Boundless Report: Ushering in a Post-Textbook World

Today, Boundless is releasing our report Ushering in a Post-Textbook World to highlight college students’ transition from traditional to digital learning resources. We surveyed nearly 650 college students about how they study, the high cost of textbooks, and exactly how they feel about the move to digital alternatives. We found that digital learning alternatives are quickly becoming as popular, and even overcoming, traditional resources. These trends are leading us closer to a post-textbook world, where physical reference materials give way to digital resources that deliver better education with greater access.

Download a copy of our report, or read a summary below.

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Ushering in a Post-Textbook World

Higher education is traditionally defined by the tools its students and professors use to master subjects. However, our vision of education must shift as digital alternatives are quickly becoming as popular — even overcoming — traditional resources such as textbooks.

Students are finding and choosing digital alternatives to traditional textbooks that help them learn better, with fewer pain-points and at a lower cost. This movement will eventually lead to a post-textbook world, where physical reference materials give way to digital resources that deliver better education with greater access. Boundless recently surveyed nearly 650 college students about how they study, the high cost of textbooks, and exactly how they feel about the transition to digital alternatives.

Key Findings

Digital tools are surpassing traditional resources

Students are moving toward digital, even where handwritten or traditional resources once dominated. Already, 92% of students prefer online database research compared to print. 61% of students prefer to study via a digital quiz over a quiz handwritten from their notes. Consider this: many students may not even keep handwritten notes. A near-50/50 split was reported when asked about preference between digital and handwritten/traditional for the following resources: flashcards, notes and textbooks.

When considering that digital resources have been on the market a relatively short time, a narrowing gap between digital and handwritten resources shows clear momentum in the shift toward digital.

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Students say digital resources bring inherent value over traditional textbooks.

Students are drawn to digital resources for two key “extremely valuable” assets: their low-cost nature (80%) and portability (74%). Another 82% of students describe interactive content, such as quizzes and flashcards, as valuable assets to digital alternatives to traditional textbooks.

While cost may drive students to seek digital alternatives, content and functionality increase a student’s likelihood to opt for digital versus traditional.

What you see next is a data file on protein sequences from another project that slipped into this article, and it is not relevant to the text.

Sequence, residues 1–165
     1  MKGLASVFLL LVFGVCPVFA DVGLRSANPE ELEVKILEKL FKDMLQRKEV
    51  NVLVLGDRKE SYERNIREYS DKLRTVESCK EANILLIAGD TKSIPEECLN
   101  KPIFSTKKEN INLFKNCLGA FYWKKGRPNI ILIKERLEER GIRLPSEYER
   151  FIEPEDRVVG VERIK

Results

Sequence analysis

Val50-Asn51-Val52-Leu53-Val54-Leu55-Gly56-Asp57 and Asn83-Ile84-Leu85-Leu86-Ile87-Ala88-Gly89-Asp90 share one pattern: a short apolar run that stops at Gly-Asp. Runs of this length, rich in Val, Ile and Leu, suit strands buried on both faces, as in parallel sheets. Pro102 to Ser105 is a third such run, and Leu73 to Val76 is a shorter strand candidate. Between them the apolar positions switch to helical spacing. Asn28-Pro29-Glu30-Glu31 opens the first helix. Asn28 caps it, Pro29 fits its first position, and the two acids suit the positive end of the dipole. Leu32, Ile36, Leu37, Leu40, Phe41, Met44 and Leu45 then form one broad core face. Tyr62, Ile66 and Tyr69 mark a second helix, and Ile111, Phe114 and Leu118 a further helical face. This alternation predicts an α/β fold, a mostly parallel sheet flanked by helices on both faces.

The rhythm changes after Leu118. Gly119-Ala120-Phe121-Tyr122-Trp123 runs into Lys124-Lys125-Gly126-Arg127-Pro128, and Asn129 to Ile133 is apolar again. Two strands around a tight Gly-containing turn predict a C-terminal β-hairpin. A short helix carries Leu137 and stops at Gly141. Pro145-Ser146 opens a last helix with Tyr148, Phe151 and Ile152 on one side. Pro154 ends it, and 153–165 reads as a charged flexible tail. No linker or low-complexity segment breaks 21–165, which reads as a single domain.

Tight budgets push students to digital alternatives

59% of students report using their semester budget on textbooks. When asked if they could save $150 per semester on textbooks, the top three budget items where these funds would go were: tuition (40%), transportation (38%), and school supplies (31%).

Clearly, students look to save money to keep up with living expenses. This behavior increases the likelihood that they will seek digital alternatives for traditional resources such as textbooks.

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Conclusion

Overwhelmingly, students are open to adopting digital alternatives to traditional resources because they provide value on price, content, and portability. These are all areas where traditional textbook publishers have stopped innovating and fallen flat.

Our findings suggest that students have already adapted to cost and access barriers with behaviors not supported by the traditional textbook market. We are at a new precipice in education, one where digital innovation will define the way our students work, learn, and interact — all in a post-textbook world.

To read the entire survey, download the report here or view it below.

  • blendedlibrarian

    “Already, 92% of students prefer online database research compared to print”

    This statistic is somewhat misleading. When it comes to database research, there are virtually no print indexes (you can’t really call them databases) left. So you can’t really prefer something that doesn’t exist. I’d like to know what those other 8% are actually using to do research with print? The World Book Encyclopedia that’s sitting on the shelf at their public library? Otherwise, I am totally with you on the post-textbook world.

  • Yasmine Bachir

    Finishing University, I can understand the difficulty with textbook portability. They are heavy and you need a lot of them. It’s no wonder students steer towards digital alternatives. They also save so much on money by doing this. My sister seems to buy a new text book every week (or so it seems) and the collection grows and she carries these around to every lecture. I really believe going digital is clever, makes sense and will save on money and ensure you avoid back pain. Great read, thanks Jessica x

  • James Taylor

    Criminology & a criminal justice now a day is a very ongoing topic in many online educational forums & universities as well due to the current Geo situation. Many online educational resources providing useful stuff regarding this as well.
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  • Jeff Johnson

    Post-textbook world might be not a precise definition of what’s happening. And I don’t think that we should say no to all our writings. Though they may not all be written by hand and there are many Essays Solutions available.